Afraid to Break Your Own Rules?
Are some of your self-imposed rules - conscious or unconscious - out of date?
Therapist Karen Pollock urges us to reflect on whether our behaviours still help us today, or are left over from past experiences
If you are looking for a therapist, you can find one here
Do you know why aeroplanes still have ashtrays? After a crash in 1973 caused by a fire, started by a carelessly disposed of cigarette, the American aviation regulators ruled that every plane bathroom must have an ashtray.
So an accident over 30 years ago, when people could still smoke on planes, and when smoke detectors where not standard, still affects the design of aeroplanes today. The article claims it is “health and safety” however as anyone who has ever done a risk assessment will tell you, you need to focus on the likely risks, whilst of course acknowledging the outliers.
One of the issues many individuals also have is that they are still assessing the risks, writing the rules according to old, often unpleasant or abusive experiences. Consider someone who has been through a couple of bad breakups, and decides that their new rule is they will keep everyone at arm’s length. Perhaps they decide they will be fine with one night stands, but nothing which allows emotional intimacy. Only after many years do they realise that loneliness fills their life. It can take careful unpicking of the reason for the rule for someone to be willing to abandon it, and once more allow themselves to connect with others on more than a superficial level.
This is just one example of the ashtray rule; rules we put in place and allow to stay in place regardless of their usefulness to us in our current lives. It is important to understand not all rules based on past learning are ashtray rules. If we have faced abuse in the past it matters that we relearn how to value ourselves and set healthy boundaries, so that we have rules in place which keep us safe and remind us we are worth keeping safe.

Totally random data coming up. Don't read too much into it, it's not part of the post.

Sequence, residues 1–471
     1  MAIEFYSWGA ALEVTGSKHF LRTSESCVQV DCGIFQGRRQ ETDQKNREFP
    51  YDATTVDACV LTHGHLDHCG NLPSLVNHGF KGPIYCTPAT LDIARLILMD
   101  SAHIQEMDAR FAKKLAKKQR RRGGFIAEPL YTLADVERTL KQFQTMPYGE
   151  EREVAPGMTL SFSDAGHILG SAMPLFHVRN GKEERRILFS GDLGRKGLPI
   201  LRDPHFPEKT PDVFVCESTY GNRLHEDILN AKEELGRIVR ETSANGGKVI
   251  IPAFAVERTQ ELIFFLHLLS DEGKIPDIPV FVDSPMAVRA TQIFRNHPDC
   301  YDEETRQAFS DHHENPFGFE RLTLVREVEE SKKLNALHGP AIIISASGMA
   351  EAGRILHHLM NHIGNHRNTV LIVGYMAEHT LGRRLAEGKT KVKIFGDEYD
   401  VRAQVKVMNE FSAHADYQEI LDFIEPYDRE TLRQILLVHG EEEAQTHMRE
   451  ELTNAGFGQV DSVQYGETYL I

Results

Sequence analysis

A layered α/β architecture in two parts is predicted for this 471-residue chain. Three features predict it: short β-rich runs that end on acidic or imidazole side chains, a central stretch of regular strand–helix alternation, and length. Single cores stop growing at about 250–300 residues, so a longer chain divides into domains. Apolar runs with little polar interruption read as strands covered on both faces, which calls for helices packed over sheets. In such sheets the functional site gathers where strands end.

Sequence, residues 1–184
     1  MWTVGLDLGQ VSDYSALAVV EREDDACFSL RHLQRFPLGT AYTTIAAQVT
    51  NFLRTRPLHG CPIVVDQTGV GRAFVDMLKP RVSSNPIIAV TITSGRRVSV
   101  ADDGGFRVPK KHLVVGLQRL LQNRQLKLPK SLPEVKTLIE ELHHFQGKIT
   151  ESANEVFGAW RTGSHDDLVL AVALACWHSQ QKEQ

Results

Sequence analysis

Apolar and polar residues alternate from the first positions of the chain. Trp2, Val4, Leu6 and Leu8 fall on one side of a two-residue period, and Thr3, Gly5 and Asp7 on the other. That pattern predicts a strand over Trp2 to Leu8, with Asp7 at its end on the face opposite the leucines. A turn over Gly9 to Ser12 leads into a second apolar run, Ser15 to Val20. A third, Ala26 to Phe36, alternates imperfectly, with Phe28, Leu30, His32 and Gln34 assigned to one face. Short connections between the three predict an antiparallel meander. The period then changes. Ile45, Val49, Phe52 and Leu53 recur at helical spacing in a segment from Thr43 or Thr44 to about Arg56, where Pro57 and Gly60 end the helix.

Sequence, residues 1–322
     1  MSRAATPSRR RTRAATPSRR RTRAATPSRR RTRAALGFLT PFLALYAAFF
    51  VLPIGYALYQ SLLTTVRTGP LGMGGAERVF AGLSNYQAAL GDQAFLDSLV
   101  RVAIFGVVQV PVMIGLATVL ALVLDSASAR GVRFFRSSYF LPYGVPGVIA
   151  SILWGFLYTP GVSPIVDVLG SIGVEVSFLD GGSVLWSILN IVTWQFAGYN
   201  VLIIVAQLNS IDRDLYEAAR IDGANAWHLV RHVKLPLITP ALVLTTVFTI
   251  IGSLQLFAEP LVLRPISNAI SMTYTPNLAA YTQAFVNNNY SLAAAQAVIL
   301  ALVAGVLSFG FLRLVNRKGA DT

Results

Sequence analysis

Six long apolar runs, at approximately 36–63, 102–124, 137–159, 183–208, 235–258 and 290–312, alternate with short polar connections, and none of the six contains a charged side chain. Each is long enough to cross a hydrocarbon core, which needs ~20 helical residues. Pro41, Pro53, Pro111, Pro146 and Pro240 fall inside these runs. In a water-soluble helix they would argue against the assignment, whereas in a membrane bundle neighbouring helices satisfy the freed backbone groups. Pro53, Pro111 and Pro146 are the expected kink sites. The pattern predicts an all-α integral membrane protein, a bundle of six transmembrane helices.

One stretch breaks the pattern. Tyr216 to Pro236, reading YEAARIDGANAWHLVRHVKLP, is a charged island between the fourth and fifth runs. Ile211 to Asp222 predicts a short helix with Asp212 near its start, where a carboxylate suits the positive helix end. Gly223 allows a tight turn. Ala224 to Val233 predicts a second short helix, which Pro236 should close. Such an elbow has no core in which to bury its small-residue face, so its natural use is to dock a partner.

We all need to consider what conscious or unconscious rules we have in place, which might better belong in the past. The unconscious ones can be the most difficult to identify, we may believe that we are only following common sense. Some questions to ask about a set of behaviours (which is all rules are) might be:
- Is this based on where I am now, where I want to be, or where I was?
- Is this rule stopping me from achieving what I want?
- Is this rule based on experiences which I have put behind me?
- Do I still need time, or help, in putting these experiences behind me?
Like a fire on an aeroplane, some experiences can be so frightening, so life changing, that for a while we do need to assess every risk, consider how we protect ourselves from any possible harm. With the passage of time however, we also need to consider if they are useful, protective rules, or something no longer relevant.